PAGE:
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What not to say to a military spouse


Olena Yakobchuk | Shutterstock

Morgane Afif  - published on 03/07/23

A military wife shares candidly the comments she often receives and what kind of words are truly helpful.

“I don’t know how you do it.” This sentence gets the gold medal for sentences I hear when I say that my husband is leaving on deployment for four months. It’s closely followed by its runners-up: the passive aggressive, “But at the same time you knew what you were getting into,” and the ignorant-but-not-insignificant, “But you’ll see, it will pass quickly.”

Mathilde Margail — an influencer, fashion and lifestyle content creator, and military wife — regales us with her common sense humor, revealing the comments that exasperate all those who are confronted with the geographical separation and long absences of their spouses. She has a reply for all those who, out of sincere solicitude or lack of sensitivity, have already uttered these words (which are basically benevolent although clumsy): “I don’t know how to do it either; but the only suitable option I have is to deal with it. So yes, I manage, since I did indeed know all along what I was getting into; even though yes, I could do without it.” 

Don’t live without taking risks

In February 2019, when she met the man who would become her husband, Mathilde knew about his commitment as a military doctor, which would involve deployments lasting several months, several times a year. Like St. Therese of the Child Jesus, she chose “everything” of the person she fell in love with, as part of learning to love.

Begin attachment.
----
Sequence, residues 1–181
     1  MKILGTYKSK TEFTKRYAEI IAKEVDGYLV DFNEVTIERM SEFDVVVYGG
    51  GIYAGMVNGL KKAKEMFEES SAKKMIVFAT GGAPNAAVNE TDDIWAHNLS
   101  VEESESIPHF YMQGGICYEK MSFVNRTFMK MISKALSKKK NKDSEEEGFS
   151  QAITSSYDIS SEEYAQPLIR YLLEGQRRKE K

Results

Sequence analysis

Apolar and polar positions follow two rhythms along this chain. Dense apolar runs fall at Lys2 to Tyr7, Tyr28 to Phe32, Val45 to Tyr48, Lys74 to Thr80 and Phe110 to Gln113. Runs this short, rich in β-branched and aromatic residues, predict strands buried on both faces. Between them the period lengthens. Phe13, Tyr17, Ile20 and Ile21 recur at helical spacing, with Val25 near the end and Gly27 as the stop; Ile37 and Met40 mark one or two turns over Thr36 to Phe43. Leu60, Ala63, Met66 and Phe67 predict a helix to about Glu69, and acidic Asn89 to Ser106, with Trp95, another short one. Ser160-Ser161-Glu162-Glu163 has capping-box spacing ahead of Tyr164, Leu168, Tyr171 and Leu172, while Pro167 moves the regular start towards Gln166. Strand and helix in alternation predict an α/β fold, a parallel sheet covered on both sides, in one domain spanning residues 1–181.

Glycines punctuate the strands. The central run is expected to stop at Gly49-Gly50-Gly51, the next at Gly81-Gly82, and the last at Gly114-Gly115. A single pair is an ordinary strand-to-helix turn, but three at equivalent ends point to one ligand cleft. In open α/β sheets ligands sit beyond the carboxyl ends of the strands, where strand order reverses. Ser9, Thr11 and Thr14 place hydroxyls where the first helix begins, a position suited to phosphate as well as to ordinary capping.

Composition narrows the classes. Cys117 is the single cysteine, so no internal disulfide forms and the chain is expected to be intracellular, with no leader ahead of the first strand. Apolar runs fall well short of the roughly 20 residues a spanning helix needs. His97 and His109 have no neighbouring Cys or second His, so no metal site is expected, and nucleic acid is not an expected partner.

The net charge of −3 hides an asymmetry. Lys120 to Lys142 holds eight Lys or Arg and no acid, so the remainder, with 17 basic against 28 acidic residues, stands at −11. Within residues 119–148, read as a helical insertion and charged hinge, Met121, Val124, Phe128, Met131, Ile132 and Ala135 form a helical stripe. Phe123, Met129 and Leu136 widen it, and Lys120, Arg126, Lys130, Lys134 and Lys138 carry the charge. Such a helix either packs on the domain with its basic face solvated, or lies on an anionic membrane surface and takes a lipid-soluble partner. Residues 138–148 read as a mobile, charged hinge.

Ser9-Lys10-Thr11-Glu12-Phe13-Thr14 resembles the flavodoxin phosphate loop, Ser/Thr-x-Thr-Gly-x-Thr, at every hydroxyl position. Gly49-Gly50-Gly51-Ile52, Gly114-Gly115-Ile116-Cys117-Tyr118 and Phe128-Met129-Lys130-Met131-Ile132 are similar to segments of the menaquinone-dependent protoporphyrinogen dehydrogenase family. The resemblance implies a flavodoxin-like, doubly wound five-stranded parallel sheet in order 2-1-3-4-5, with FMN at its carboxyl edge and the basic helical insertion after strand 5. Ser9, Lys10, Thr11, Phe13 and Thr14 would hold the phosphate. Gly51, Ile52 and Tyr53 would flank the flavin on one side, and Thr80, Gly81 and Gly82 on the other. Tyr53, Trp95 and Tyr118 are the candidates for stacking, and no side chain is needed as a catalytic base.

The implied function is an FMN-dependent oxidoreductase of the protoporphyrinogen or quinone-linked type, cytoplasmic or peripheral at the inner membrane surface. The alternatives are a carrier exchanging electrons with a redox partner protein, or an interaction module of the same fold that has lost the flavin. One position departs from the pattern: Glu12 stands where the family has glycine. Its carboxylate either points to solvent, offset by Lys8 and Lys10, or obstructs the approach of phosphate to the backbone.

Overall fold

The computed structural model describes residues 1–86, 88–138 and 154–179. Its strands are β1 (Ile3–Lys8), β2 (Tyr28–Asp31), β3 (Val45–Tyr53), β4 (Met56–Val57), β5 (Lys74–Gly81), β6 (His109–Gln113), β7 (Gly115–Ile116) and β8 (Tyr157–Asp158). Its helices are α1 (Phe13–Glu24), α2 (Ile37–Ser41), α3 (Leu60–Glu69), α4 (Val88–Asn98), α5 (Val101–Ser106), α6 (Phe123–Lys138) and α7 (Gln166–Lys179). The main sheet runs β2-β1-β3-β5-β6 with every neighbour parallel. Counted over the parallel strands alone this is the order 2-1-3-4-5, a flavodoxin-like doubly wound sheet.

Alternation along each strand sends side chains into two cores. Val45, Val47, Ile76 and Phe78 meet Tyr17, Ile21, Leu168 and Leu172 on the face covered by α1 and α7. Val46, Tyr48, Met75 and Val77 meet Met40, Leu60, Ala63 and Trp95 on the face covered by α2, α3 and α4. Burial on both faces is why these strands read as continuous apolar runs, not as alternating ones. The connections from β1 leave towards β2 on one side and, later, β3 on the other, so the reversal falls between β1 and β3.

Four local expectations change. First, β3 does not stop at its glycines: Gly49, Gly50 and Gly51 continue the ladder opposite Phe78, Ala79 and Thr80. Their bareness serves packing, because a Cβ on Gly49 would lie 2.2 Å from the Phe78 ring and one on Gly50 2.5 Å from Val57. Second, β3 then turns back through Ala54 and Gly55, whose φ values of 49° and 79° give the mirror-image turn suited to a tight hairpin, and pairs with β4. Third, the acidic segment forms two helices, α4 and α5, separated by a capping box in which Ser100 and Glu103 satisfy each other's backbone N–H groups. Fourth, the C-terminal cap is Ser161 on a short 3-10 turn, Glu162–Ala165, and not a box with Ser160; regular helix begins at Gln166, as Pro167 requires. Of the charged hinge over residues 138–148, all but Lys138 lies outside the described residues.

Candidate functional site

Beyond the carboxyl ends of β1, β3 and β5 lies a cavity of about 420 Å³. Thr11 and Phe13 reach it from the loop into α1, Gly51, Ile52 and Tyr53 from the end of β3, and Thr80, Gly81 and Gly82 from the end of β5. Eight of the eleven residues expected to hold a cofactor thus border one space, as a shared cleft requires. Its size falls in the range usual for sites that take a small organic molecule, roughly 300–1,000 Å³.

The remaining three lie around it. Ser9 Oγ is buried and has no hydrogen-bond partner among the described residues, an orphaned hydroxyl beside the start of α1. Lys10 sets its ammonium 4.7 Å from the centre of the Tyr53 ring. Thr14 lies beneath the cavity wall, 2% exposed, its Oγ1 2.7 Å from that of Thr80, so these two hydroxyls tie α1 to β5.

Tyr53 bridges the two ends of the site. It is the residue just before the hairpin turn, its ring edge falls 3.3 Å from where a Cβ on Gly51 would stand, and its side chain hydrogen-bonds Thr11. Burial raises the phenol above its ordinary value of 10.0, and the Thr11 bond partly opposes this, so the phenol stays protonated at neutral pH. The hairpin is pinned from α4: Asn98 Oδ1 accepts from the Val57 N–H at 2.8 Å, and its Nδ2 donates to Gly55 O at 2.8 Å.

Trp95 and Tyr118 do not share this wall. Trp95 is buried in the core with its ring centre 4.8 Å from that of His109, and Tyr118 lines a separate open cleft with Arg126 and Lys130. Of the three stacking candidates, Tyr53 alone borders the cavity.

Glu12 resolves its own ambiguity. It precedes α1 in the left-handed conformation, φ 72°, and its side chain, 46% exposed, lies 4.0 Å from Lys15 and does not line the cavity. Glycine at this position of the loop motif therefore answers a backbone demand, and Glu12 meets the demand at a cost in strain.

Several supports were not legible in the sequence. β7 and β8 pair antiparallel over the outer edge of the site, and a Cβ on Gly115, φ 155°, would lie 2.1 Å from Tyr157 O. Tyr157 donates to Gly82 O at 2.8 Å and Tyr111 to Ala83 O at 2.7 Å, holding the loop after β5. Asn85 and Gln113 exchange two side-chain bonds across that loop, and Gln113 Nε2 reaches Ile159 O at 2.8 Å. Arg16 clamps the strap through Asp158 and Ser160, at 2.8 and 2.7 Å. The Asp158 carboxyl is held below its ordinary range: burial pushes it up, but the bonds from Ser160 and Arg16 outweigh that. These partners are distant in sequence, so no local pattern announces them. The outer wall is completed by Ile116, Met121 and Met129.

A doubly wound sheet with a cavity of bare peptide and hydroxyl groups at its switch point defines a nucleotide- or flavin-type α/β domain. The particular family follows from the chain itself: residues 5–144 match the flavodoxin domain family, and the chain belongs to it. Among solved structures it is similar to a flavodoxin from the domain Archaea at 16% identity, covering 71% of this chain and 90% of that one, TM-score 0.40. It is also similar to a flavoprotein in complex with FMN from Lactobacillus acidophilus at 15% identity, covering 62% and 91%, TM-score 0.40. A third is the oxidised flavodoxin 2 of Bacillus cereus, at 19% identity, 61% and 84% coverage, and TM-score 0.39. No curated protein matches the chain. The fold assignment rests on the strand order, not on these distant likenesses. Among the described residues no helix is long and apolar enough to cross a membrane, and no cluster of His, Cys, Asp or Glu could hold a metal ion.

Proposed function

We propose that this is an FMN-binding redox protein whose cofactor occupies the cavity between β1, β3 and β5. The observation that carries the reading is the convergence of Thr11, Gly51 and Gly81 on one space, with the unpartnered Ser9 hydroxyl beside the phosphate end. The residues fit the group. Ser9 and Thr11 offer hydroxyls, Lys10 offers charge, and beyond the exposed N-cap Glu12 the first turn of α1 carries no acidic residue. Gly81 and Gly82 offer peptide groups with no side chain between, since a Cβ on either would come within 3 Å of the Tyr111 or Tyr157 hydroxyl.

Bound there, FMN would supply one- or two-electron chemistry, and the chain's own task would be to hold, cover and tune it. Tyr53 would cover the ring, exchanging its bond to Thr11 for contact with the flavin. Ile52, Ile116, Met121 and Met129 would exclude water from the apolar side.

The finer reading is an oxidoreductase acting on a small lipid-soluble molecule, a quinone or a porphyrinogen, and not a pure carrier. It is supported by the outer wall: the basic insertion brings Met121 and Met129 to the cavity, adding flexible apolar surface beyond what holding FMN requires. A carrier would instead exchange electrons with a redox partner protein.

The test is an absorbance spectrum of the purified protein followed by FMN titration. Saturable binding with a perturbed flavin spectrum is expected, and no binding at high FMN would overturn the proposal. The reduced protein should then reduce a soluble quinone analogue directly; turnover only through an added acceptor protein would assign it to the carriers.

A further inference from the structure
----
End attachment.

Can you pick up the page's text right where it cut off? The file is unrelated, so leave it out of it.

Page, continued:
“If in our lives we were to refuse to commit ourselves every time there’s a risk involved,” she says, “we wouldn’t commit ourselves much. We would deprive ourselves of a good swim in the ocean because of currents, waves, and jellyfish; of a trip because of a potential plane crash; of a job for fear of being fired; of property to escape property tax; of a walk in the mountains so as not to risk a fall; and of love, finally, because breakups and disappointments exist. As Mother Teresa said, ‘Life is an adventure.’ And St. John Paul II encouraged us by saying, ‘Do not be afraid!’ The saints invite us not to live a lukewarm life, without risk, without choice, and without difficulty.” The young wife continues wryly, “And then, while we’re at it, let’s only grant people with nice jobs with easy schedules the right to marry. Too bad for firefighters, bakers, and seasonal workers.”

Be a friend who consoles

Mathilde also has an answer for those who dare to make the banal commentary, “But you’ll see, the time will go by quickly.” Mathilde answers again that “four months, when you love, never goes by quickly. Even if you want it to. Ten minutes waiting in line is already too long, so you can just imagine 175,200 minutes of patiently waiting to be reunited with the one you love.”

To avoid these insensitive and awkward remarks, there’s only one solution: keep your unsolicited advice to yourself. If you want to console a friend in this situation, suggests Mathilde, “be a friend, a friend who is there, who listens, who helps, and who comforts. Friends, by their very presence, are a consolation, without trying to know at all costs what to say or what to answer in the face of the other’s sadness.”

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